OUR VIEW: Up, up and away in B.C.

One of the Saanich Peninsula’s biggest success stories over the past half-decade has been Viking Air

One of the Saanich Peninsula’s biggest success stories over the past half-decade has been Viking Air and they stand to benefit from the province’s recent commitment of $5 million to thier industry association.

Five years ago, Viking Air had plans to revamp the aging Twin Otter aircraft design and 100 employees with which to do it.

Since then, they have ballooned to 600 employees and have built 50 aircraft for a wold-wide marketplace. President and CEO David Curtis says the company has another 50 Twin Otters left to build — meaning there’s potential for even more growth on the Peninsula.

In Viking Air’s case, they had to go out and work with area post-secondary institutions to create training grounds for new staff. Curtis said they spent a lot of their own money to ensure they had the necessary workforce.

While the $1 million announced by Finance Minister Mike de Jong this week (the first installment of the government’s five-year commitment) is a drop in the bucket, the industry hopes to use it as a runway to tap into the estimated $1.9 trillion in aerospace contracts expected over the next 20 years.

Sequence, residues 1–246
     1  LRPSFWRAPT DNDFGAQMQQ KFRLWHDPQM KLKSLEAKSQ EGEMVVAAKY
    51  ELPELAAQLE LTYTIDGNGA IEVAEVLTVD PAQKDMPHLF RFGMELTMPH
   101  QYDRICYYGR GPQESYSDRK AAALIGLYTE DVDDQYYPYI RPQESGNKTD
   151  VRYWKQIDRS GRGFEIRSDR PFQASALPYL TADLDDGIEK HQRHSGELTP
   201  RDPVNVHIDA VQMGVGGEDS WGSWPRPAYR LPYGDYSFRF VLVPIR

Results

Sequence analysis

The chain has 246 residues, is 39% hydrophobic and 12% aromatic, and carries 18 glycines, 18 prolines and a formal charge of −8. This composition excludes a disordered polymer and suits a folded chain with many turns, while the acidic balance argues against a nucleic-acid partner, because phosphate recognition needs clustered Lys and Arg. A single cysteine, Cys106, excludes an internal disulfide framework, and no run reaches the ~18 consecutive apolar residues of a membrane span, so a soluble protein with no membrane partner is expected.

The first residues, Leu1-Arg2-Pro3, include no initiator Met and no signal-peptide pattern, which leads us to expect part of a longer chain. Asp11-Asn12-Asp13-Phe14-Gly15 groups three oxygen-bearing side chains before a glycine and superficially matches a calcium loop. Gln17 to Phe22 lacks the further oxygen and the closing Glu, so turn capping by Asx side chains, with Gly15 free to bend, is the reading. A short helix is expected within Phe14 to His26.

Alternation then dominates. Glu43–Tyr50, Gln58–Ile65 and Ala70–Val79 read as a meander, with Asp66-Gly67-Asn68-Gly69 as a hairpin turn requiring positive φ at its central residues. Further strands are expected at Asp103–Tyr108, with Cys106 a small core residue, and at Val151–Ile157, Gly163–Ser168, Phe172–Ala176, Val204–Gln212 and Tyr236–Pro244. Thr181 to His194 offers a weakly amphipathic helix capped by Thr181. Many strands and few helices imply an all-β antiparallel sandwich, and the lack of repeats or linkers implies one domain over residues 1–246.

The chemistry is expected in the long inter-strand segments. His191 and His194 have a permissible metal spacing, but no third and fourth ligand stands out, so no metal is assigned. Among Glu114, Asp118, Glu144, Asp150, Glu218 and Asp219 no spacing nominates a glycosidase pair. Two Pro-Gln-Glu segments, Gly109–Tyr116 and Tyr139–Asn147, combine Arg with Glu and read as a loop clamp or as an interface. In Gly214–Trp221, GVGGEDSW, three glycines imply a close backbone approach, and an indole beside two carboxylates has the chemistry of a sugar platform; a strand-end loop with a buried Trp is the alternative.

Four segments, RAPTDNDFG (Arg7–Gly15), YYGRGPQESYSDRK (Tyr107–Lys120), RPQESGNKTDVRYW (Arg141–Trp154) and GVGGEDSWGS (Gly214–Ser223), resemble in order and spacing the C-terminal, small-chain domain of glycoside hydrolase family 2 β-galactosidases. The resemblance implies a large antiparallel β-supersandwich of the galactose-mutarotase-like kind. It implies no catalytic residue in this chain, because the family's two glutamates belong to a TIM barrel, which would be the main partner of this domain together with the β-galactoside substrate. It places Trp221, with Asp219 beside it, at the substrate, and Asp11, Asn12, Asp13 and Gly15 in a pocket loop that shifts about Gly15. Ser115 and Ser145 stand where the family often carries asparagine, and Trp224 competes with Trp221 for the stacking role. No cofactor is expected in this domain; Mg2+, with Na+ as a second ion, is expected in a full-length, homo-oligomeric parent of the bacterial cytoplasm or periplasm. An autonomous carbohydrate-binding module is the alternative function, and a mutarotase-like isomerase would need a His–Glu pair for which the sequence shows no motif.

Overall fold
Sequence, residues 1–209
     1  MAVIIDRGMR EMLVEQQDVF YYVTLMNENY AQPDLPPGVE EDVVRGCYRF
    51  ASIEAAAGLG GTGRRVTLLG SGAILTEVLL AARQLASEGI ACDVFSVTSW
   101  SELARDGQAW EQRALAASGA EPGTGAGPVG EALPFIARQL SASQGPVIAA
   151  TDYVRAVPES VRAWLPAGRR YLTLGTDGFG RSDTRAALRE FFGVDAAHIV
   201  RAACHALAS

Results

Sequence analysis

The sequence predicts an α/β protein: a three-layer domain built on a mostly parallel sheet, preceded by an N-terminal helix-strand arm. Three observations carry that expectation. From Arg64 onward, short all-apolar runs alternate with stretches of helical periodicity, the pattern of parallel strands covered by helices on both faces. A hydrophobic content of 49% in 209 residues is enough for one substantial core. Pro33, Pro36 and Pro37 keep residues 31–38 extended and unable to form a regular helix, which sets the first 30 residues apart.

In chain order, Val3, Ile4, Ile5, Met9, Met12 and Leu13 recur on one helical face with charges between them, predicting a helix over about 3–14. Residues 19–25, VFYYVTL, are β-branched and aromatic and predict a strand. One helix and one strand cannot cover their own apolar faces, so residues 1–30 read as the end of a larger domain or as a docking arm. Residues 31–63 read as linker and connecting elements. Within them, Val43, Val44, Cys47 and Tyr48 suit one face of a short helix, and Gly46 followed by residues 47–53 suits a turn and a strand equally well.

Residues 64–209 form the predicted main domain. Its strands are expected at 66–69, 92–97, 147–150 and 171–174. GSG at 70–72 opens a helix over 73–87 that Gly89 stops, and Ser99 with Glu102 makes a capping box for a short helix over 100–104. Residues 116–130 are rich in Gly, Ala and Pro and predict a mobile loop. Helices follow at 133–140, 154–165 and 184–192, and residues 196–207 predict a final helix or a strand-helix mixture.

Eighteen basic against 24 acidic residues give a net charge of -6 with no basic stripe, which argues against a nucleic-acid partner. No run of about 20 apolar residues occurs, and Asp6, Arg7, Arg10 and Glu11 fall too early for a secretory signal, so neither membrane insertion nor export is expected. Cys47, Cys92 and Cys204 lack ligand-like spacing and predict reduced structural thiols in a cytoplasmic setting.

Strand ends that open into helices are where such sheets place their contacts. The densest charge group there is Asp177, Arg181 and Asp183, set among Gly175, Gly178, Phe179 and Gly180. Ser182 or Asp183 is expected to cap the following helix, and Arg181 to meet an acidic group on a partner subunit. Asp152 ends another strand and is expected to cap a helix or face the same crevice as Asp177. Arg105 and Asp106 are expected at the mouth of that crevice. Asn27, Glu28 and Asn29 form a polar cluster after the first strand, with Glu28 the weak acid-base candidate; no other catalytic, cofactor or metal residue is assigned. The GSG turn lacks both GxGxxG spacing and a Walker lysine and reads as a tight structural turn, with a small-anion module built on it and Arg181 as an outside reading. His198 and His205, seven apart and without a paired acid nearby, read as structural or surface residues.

As a part of the Aerospace Industries Association of Canada Pacific Division (AIAC Pacific), Viking Air and other B.C. companies — many of them at the Victoria International Airport — will be better able to position themselves to earn some of that large pie.

This investment and the AIAC Pacific program to expand international trade opportunities, among other goals, has the potential to keep jobs on the Saanich Peninsula and to create new ones.

There are millions of dollars being generated in the aviation industry here every year and it happens under our noses — and the flight paths of the aircraft we see coming and going from the airport every day.

Any expansion in the aerospace industry in this province can only help to shore up local economic fortunes.

 

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